"Segway's a good product, but not a strong brand for that reason," he said.
The message was part of a conversation in the packed Manhattan Grand Hyatt convention hall on the benefits of simplicity in building a brand and why companies like Apple and Google or Timberland, for that matter, succeed by simplifying consumer choices and the brand's own proposition. "If the brand doesn't make it easy, it won't work."
Speaking at yesterday's Association of National Advertisers Conference, Adamson argued that a brand can be successful if that formula is reversed, but the best brands are blessed with both relevance and differentiation.
"The most common pattern we see is companies who have strong awareness, nonetheless continuously worried about awareness, who do things like get stadium-naming rights. They focus on that because it's easy to do," he said. "Dealing with the issue of differentiation and how to deliver it is complex and hard to execute."
The problem, he said, is that few companies are able to boil down their brand and what makes it different to a few simple words. "We'll sit down with a CEO and ask what the company does that's different, and we may get something like 'innovation.' That's a popular word these days. When we speak to the executive board of that company and ask them what innovation means, we'll get twelve different answers."
He said developing the brand's identity in simple terms and then creating a symbol and/or a compelling phrase defining it is critical not just for consumers but for employees, too--because it is clear and unambiguous, and therefore a kind of "veni, vidi, vici" for company workers, particularly those who deal with consumers.
"Once you get to where your story is, you need then to get it simple, if you can't get it down to simple idea it won't stick," he said. "If you have a brand promise, and you have dozens or hundreds who are supposed to be delivering that promise, you will never succeed ... if there's no clear, simple sense of what the customer journey is."
Examples of successful brand ideas: BP's "Beyond Petroleum" mantra; H.R. Block's "Friendly enabler" positioning. "You need to deliver that promise along consumer touchpoints, but the most successful brands choose their touch points carefully," he said. "Figure out where you want to win, and make sure you do that."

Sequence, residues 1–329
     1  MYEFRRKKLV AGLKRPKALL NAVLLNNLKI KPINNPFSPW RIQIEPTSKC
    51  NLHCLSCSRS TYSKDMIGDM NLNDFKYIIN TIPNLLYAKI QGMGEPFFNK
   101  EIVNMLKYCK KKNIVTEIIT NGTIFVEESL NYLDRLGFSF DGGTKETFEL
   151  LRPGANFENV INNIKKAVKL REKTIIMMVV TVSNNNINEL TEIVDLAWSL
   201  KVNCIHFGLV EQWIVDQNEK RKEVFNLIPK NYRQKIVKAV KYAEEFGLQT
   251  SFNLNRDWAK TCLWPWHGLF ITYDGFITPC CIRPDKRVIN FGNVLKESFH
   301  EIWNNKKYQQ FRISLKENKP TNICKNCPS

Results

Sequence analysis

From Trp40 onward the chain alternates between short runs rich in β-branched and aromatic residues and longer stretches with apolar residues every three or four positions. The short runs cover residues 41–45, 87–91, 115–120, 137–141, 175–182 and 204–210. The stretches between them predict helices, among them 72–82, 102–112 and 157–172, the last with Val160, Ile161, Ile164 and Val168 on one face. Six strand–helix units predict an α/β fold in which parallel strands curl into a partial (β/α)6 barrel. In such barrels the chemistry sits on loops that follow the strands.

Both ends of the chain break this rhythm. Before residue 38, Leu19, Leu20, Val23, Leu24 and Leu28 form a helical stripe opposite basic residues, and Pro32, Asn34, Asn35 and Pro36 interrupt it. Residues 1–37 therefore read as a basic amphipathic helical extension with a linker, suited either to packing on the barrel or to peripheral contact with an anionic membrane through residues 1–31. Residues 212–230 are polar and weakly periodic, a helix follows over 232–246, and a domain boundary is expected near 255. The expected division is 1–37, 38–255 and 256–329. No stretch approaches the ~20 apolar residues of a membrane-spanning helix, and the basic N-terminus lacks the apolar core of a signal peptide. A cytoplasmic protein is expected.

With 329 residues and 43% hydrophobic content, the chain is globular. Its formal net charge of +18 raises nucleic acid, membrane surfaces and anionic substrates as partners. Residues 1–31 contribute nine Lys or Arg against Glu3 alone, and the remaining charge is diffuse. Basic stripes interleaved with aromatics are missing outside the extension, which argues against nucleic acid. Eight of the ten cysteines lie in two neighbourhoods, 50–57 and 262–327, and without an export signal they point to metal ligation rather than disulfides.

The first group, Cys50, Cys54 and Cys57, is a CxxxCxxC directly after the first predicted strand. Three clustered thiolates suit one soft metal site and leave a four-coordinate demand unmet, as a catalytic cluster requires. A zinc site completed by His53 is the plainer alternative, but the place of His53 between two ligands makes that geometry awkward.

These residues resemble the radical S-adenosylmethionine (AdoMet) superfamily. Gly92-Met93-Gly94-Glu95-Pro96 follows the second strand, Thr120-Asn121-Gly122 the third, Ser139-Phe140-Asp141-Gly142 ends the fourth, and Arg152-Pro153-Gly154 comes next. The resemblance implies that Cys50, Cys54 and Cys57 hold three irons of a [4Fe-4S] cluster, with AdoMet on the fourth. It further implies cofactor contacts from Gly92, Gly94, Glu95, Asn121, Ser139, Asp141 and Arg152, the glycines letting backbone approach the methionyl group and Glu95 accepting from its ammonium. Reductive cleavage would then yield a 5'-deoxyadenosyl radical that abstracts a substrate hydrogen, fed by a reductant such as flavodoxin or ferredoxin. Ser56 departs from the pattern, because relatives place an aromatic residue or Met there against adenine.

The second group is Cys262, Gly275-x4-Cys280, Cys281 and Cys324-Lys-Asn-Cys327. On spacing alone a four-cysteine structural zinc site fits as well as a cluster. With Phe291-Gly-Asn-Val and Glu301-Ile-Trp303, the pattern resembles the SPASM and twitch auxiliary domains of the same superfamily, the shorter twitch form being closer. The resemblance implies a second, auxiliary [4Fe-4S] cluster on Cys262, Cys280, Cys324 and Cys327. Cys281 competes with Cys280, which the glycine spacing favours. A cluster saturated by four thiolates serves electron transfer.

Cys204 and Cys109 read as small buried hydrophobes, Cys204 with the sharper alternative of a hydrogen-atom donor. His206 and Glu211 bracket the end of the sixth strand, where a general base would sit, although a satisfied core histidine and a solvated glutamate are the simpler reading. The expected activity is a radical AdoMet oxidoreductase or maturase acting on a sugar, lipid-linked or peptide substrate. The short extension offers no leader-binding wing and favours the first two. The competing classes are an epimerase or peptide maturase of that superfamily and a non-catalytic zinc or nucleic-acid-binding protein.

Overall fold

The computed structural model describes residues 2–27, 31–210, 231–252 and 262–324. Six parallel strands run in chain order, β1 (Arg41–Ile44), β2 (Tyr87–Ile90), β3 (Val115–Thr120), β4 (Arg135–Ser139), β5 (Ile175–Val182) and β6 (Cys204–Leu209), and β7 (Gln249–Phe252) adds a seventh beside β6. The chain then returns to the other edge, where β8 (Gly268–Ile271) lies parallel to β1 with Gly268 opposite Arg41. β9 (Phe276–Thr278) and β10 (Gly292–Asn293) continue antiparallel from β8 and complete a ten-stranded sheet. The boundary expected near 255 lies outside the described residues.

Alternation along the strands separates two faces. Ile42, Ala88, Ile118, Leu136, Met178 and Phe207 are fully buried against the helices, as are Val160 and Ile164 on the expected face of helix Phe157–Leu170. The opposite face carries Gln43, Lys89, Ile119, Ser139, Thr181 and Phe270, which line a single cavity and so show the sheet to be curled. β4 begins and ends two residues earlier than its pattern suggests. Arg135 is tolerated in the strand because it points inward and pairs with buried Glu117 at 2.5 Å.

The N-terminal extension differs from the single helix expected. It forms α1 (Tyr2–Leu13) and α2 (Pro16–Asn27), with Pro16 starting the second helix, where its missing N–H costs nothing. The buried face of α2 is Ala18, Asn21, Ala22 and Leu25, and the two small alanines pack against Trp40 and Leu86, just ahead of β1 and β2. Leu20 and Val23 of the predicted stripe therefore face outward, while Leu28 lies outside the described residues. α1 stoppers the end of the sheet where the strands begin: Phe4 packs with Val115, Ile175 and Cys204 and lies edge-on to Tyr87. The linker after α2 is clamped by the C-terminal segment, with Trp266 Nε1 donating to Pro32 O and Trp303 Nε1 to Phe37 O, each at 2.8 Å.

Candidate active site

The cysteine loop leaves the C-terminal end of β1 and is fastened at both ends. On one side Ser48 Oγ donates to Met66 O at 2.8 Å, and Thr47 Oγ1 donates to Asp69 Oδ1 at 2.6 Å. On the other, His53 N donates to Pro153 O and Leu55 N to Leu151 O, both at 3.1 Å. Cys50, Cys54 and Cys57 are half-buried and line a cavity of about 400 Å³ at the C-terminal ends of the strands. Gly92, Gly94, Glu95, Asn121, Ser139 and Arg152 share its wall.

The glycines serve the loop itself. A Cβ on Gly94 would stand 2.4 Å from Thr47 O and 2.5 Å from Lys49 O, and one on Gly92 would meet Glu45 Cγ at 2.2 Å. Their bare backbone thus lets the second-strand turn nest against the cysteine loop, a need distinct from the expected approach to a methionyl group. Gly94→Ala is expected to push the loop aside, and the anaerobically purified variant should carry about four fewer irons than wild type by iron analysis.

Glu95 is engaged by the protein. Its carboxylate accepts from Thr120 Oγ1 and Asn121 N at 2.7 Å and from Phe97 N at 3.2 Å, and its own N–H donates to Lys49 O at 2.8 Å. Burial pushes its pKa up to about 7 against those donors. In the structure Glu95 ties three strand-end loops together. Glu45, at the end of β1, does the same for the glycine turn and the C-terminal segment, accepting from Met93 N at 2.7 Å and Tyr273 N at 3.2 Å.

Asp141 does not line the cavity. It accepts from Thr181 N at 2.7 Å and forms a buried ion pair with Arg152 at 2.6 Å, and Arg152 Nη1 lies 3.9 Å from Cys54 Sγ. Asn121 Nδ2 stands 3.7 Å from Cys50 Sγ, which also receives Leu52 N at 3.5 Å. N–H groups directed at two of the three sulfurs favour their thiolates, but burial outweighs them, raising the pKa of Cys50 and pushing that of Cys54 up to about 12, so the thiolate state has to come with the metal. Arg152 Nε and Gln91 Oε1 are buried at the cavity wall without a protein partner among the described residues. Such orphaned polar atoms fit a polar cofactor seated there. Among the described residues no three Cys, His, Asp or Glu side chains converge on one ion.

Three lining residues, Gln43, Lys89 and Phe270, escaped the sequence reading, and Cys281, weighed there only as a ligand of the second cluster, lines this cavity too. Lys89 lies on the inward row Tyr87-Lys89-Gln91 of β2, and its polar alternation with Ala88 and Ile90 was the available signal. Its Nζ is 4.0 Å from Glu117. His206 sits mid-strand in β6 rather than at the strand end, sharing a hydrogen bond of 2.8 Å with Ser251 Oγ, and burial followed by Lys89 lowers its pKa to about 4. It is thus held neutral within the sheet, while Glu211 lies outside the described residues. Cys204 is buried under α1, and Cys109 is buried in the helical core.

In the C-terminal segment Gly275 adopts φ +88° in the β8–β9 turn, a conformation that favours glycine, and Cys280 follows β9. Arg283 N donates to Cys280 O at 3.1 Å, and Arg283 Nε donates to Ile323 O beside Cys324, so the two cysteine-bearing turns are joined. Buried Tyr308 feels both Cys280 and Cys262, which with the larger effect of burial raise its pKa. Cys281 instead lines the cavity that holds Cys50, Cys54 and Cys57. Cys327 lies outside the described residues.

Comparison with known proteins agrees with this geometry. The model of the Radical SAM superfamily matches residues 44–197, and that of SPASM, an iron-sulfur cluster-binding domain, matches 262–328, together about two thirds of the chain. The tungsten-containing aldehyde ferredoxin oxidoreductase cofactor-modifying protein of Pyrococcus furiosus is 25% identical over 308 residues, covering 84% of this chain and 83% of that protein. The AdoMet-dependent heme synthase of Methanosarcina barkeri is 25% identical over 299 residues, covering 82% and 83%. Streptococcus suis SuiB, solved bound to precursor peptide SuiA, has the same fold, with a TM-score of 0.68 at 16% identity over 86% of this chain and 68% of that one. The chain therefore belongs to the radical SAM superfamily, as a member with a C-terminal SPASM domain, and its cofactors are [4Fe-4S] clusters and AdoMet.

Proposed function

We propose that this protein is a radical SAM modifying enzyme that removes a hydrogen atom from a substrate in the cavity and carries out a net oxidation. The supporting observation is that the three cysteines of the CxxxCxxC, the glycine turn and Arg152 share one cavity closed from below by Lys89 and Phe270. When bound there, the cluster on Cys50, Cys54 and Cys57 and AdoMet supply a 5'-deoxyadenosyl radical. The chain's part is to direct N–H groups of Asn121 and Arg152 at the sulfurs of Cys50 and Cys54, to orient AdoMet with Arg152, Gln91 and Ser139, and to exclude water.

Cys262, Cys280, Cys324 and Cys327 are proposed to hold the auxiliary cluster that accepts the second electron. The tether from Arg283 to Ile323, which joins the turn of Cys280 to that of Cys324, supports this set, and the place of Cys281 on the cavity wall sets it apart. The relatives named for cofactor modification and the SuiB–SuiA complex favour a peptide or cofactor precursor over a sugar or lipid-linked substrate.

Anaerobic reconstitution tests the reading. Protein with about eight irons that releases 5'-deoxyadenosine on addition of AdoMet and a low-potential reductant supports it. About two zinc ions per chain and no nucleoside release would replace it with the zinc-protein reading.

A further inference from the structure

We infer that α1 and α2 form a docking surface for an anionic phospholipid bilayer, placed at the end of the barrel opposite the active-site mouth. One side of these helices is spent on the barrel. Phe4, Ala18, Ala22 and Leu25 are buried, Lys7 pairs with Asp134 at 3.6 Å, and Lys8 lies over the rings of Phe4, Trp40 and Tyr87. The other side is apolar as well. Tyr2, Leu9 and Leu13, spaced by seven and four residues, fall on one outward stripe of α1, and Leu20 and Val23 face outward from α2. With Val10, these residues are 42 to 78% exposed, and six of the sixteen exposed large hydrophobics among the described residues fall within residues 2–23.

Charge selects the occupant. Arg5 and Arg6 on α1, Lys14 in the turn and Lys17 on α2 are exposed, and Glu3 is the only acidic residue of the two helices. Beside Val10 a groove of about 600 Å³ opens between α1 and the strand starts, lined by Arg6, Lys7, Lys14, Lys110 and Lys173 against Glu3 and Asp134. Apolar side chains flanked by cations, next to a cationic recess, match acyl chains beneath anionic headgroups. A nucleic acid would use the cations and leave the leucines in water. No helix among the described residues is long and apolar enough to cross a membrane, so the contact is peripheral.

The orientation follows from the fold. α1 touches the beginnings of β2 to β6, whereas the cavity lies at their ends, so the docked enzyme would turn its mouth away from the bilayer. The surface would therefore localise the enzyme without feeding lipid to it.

He said a simple and clear brand premise--one that argues that a brand is different from its competitors--starts with something that isn't fulfilled by what's out there already. "I always think that Jerry Seinfeld would be great at branding because he always asks the question, 'Do you ever wonder why?' You have to get to the 'ever wonder why' phrase," he said.
As an example, he illustrated how Timberland's rise from no-name boot brand to fashion accessory and one of the best-known work boot brands came from an observation by CEO Jeff Swartz.
"He bought a shoe company in Maine, was doing pretty well--some years were good, some bad, but he couldn't grow the business. One day he got out of a car, stepped in a puddle and said, "Why can't I do a waterproof shoe?' The company designed it, came up with the name Timberland."
Adamson also gave a nod to Bose headphones, Baby Einstein and FedEx (with its brand premise of absolute certainty) as companies that are successfully tapping a core consumer insight. And Mazda.
"I spoke with Mark Fields [EVP/Ford Motor, and president, Americas] as part of BrandSimple [Adamson's book on branding, published last September by Palgrave/Macmillan]. We talked about how he helped turn Mazda around with the 'Zoom Zoom' campaign, but he also worked with Mazda product people to deliver everything from 'Zoom Zoom' brakes to windshield wipers. Now you see him trying to do the same thing with the Ford brand."
Fields, who had been president and CEO of Ford's Mazda unit, is counting on Ford's "Bold Moves" campaign to work the same magic in support of new vehicles like the Edge crossover.
"When you do make the promise, if the product isn't delivering on the promise the advertising becomes risky. I know Ford is under pressure to turn things around fast, but often getting out there too soon, especially when there's a disconnect between brand marketing and product, can hurt rather than help," said Adamson.